My schedule – and aversion to crowds – means that I rarely see a new movie the first weekend it comes out (a rare exception – Avengers: Infinity War this weekend).
While this means that there are times when I’m the only one in the office the following Monday who hasn’t
seen the latest blockbuster (and thus can’t offer an opinion), more
often than not, it’s also spared me the time, money (and potential
aggravation) of rushing out to see a movie that is more likely to be up
for a “Razzie” than an Oscar.
However, I’ve also found myself in situations where the hype
surrounding a new blockbuster is so compelling that it builds up my
expectations beyond the reality – leaving me… underwhelmed.
Doubtless that was the sense of many in reading the Best Interest Regulation proposal
published by the Securities and Exchange Commission last week. Those
who had hoped that a uniform fiduciary standard might emerge were surely
disappointed, as were those who might have anticipated that the SEC’s
proposal might step up and fill a gap potentially created if the 5th Circuit’s ruling
was unchallenged. There is, of course, an irony in a Regulation Best
Interest that doesn’t define “best interest,” and understandable
concerns that a standard that leans so heavily on “reasonable” tests is
portrayed as an objective standard.
On the other hand, all will surely find comfort in the
acknowledgement that “cheapest” isn’t deemed equivalent with “best,” and
some will certainly be reassured by the “principles-based” emphasis,
not to mention the acknowledgement of the Labor Department’s fiduciary
rule and Best Interest Contract Exemption (BICE) and the latter’s stated
objectives as consistent with Regulation Best Interest, even if the
latter doesn’t create fiduciary status.
Odds are, if you liked the Labor Department’s fiduciary rule and its
structures, you won’t be satisfied with the SEC’s take. On the other
hand, if you thought the DOL went too far, the SEC’s proposal might well
be more in line with your expectations. And yet, the lingering
uncertainty as to the when – or if – of the SEC’s response –
and the (at last until lately, relative) certainty of the Labor
Department’s approach has led many firms to institute processes and
procedures suited for the latter, not the possibility of the former.
Arguably, the vast majority of advisors committed to serving
workplace retirement plans were well along the path of satisfying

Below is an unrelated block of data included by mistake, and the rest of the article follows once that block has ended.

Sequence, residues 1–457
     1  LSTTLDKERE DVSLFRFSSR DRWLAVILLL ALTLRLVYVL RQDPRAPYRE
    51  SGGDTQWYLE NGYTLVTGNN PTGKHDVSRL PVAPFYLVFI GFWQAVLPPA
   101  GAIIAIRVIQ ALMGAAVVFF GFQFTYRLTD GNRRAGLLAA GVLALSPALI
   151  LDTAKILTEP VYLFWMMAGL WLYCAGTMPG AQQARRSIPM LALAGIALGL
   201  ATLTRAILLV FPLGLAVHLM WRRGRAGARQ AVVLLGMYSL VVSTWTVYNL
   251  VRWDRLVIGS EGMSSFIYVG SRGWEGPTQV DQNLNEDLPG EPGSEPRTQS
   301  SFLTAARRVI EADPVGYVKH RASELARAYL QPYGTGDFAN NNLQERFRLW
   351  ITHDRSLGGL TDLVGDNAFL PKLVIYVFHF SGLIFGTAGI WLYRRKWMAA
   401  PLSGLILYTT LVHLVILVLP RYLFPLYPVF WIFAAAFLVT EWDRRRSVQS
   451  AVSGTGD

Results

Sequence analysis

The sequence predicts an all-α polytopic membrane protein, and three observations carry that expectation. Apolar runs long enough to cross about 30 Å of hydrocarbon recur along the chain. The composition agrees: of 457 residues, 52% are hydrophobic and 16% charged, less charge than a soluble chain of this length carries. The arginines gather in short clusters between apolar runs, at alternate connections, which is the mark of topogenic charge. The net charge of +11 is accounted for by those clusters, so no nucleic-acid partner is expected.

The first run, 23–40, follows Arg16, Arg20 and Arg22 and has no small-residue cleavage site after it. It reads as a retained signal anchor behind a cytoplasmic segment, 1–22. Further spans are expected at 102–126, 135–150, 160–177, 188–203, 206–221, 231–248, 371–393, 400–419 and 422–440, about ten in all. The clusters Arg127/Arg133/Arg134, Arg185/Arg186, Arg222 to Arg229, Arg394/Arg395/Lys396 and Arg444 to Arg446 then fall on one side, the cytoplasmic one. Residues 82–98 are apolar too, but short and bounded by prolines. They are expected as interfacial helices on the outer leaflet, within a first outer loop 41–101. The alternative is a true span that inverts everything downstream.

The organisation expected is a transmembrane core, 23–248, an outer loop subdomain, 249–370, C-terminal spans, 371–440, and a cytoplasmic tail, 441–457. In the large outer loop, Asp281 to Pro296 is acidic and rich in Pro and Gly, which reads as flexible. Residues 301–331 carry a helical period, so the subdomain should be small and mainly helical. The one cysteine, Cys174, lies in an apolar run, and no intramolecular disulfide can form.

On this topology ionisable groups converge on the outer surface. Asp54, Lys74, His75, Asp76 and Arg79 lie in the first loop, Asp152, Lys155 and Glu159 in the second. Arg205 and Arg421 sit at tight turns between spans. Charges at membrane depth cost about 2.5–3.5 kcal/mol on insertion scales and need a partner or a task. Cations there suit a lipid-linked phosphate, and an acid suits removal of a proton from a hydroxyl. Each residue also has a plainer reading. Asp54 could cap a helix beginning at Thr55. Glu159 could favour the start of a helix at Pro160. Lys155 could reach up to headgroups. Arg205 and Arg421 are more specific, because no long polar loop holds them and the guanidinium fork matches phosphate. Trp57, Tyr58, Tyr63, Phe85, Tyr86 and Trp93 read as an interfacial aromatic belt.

ERISA’s compensation strictures, and the Best Interest Contract
Exemption (BICE) – with all its shortcomings – provided a means for the
rest to work their way there. What many found most confounding about the
Labor Department’s fiduciary rule was its extension of oversight to
IRAs, notably the enormous IRA rollover market – and, in that regard at
least, the SEC proposal seems to be reasserting its authority. Will that
be an area of “compromise” between the agencies? Time will tell.
Ultimately, the current SEC proposal – and bear in mind, this is
really just a starting point – is bound to disappoint more than it
pleases, if only because it introduces an element of uncertainty at a
particularly critical time. Many, having waited nearly a decade for
the proposal to emerge, doubtless hoped it would be more proscriptive
in scope and/or detail. Indeed the industry commentary thus far seems to
be a sense that it feels half-finished, rushed to press, perhaps even
opportunistic in its timing, what with the ink on the 5th Circuit’s
decision still damp. Let’s face it, even the SEC commissioners who
supported its publication did so with cautioning commentary, if not outright reluctance.
That said, having waded through the 1,000-plus pages twice and half
again, one can’t be help but be struck by the amount of space in those
1,100 pages dedicated to questions from the proposal’s authors –
questions that merit consideration and thoughtful response.
The work may be unfinished, it may be unsatisfying in scope or
clarity, but we now have a window (albeit a short one) – and an
invitation – to comment, inform, and yes, perhaps even remedy those
- Nevin E. Adams, JD